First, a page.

NAME: Old Hurley
CLIMATE: Snow in winter, mild summers
COMMENTS: Please go to the following link: http://www.hopefarm.com/owh01in.htm
REMAINS: Foundations, roads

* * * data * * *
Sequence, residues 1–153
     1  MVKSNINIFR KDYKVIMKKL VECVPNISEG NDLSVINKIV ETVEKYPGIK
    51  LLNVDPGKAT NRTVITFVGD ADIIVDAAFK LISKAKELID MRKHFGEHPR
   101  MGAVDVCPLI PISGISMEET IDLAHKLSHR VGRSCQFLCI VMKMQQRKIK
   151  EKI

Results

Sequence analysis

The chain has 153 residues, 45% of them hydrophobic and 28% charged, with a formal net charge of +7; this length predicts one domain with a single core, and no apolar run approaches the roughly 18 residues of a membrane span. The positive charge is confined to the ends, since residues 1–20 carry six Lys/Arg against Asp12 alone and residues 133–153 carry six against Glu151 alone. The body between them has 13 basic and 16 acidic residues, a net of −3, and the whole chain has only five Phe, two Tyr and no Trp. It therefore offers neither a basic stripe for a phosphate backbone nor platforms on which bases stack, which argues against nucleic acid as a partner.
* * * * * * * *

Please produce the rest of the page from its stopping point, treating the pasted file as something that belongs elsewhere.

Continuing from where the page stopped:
Daughter completes father�s history of a 1ost town By BLAISE SCHWEITZER Feeman staff When a Hurley man�s labor of love, writing a history of Old West Hurley, ended with his death in 1992, the friends and family he left behind were shaken. They knew the project was important to him, however, and seven years later finally pieced together and published the history that was so dear to him. The man�s name is Alien M. Rowe, the book "Old West Hurley Revisited: A Nostalgic Tour" and the woman most responsible for reclaiming Rowe�s research and seeing it through to publication is his daughter, Candy Rowe Hopkins. Hopkins said the motivation in putting the book together from her father�s notes and records was "preserving what he loved so much." When Rowe died, he also left Richard Frisbie, owner of Hope Farm Press and Bookshop in Saugerties, feeling there was a gap in his local history section. Rowe, who was a Hurley Town Councilman at the time of his death, and Frisbie had known each other from the bookshop and had agreed to put the book out well before Rowe died. "This was his passion," Frisbie said of Rowe�s history of Hurley in the years around the turn of the last century, before the community was flooded by the waters of the Ashokan Reservoir.Fortunately Hopkins was able to make sense of her father�s work and team up with Frisbie to put it into book form. She hadn�t done anything like this before, she said, and was unaccustomed to the sort of detail work Frisbie required. "He�s very particular," she said, describing painstaking checking and rechecking of facts. When she saw her first copy of the book, she decided it was worth all the effort. "I just cried," she said. "It was perfect." Among the book�s fans is Hurley Town Historian David Baker, who is also a friend of the Rowe family. He appreciated the voluminous facts laid out in the book, and the unusual way father and daughter collaborated to guide readers through the town with a running commentary voiced by a fictional character. "It�s just as if it were a diary," Baker said, a diary that is complimented by 61 photos, four pages of maps and reams of news accounts from area newspapers. The tone is almost gossipy, Baker added, "in a good way." With all the names and snippets of family news it offers, the book is a genealogists dream, said Frisbie. It is also an unusually valuable resource for those interested in architecture from the turn of the century. The photos in the book, taken in 1909 by William H. Longyear for the New York City Board of Water Supply, show everything from utilitarian shacks to barns to homes with large open porches. http://www.hopefarm.com/owh01in.htm Submitted by: Eric Hughes